These family history pages have been created by me so that I may preserve the history of my ancestors for my descendants and in hopes that cousins will find me and my surname webpages.
Everyone asks me why I am called The Heritage Lady. When I first became a Creative Memories (CM) scrapbooking instructor in the 1990s, I started working on a heritage album to preserve the photos, stories, and genealogy of my family. Several of my CM consultant friends started asking me to share my knowledge of how to do genealogy research and how to create a family heritage album like the one I had created on my own family. So I started putting together notes and then they asked me to teach classes to their customers. So I started teaching classes to teach people how to create their own heritage albums. And my own customers started bringing me their vintage family photos to have me help them date or identify them. Then somebody called me “The Heritage Lady” because she couldn’t remember my name. The name stuck! I self-published my book and the rest, as they say, is history!
My name is Elaine Hatfield Powell and I have been a genealogist for over 30 years and a scrapbooker for over 45 years. I have been a professional scrapbooking instructor for over 20 years. I’ve combined my knowledge of family history research and scrapbooking into a book and a class that instructs others how to create their own family heritage album. I teach class attendees and readers of my book how to incorporate their family photos, genealogy, family history, memorabilia, and family stories into a family heritage scrapbook that will surely be a lasting legacy for any family.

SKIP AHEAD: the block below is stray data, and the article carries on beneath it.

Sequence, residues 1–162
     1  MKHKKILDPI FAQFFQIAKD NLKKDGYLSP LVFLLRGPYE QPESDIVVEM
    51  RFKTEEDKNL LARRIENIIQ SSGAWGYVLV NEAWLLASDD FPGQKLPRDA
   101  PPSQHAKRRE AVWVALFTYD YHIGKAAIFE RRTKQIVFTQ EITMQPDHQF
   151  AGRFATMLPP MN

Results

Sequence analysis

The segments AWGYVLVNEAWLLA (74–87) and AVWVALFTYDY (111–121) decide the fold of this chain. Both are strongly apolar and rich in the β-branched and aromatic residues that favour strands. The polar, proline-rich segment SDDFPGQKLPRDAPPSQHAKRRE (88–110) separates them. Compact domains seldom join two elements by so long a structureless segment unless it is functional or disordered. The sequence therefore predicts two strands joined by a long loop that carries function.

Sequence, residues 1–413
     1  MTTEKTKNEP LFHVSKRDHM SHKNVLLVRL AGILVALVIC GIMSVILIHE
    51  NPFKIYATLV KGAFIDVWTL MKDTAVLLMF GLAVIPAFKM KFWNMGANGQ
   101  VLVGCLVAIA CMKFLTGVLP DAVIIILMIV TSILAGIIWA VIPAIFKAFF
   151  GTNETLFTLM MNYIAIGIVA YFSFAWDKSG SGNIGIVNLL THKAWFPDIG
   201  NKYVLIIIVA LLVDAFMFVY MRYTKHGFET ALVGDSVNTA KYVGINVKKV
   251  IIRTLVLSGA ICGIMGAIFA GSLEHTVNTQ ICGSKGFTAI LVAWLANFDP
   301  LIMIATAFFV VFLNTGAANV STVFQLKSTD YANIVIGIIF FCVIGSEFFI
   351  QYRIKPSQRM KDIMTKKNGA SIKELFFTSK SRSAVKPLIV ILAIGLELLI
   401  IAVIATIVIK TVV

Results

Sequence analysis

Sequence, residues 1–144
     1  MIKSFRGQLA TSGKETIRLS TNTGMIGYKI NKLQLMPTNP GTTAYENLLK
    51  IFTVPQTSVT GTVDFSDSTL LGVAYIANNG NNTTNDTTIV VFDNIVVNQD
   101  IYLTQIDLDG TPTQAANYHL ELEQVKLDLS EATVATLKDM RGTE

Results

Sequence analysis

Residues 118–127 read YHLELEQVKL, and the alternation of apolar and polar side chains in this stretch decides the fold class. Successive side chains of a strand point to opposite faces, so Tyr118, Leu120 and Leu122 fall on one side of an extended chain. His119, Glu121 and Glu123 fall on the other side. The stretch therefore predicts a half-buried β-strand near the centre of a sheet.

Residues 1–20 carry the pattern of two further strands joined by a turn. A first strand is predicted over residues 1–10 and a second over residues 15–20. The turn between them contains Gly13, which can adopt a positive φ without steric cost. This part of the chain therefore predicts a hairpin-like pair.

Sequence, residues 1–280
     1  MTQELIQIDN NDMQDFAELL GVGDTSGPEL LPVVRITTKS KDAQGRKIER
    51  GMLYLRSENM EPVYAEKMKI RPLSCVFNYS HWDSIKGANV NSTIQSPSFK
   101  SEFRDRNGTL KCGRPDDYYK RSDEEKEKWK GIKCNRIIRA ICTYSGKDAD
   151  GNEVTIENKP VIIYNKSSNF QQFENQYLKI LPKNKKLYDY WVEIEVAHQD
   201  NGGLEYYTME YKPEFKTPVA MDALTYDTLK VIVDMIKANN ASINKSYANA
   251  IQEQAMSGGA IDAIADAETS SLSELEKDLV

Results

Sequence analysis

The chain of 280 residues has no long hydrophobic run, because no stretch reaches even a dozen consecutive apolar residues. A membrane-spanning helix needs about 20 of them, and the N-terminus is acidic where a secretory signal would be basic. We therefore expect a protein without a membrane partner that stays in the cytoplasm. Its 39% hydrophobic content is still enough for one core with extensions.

I also teach classes to genealogists on several subjects. See the Classes Taught page for a listing.
I am a member of the numerous lineage societies and organizations.
I am also a Genealogy Merit Badge Counselor. Scouts are welcome to contact me if they want to work on their Genealogy Merit Badge.
I am very proud of the fact that I was the person who first suggested to a Professional Scouter in the St. Louis Area Council that they initiate a program to collect food for the needy. My suggestion came after a devastating flood happened in the St. Charles County area where I lived in 1982. A number of people lost everything and just living day-to-day and getting enough food was difficult. I also became a Red Cross volunteer that year. So the next year when I found myself at the St. Louis Area Council office discussing advancement with a Professional Scouter, I suggested that the Council might start a program where Cub Scouts and Boy Scouts could collect food and put them in a location where needy people could come to pick them up. I said that it would be considered a Good Turn. That suggestion turned into the Scouting for Food program at the St. Louis Area Council in 1985. As a result of my suggestion, I was the only female Scout leader to be asked to attend the kick-off celebration for the St. Louis Area Council Scouting for Food program in October 1985. Eventually Scouting for Food became a national service project.
Contact me at Elaine64@aol.com.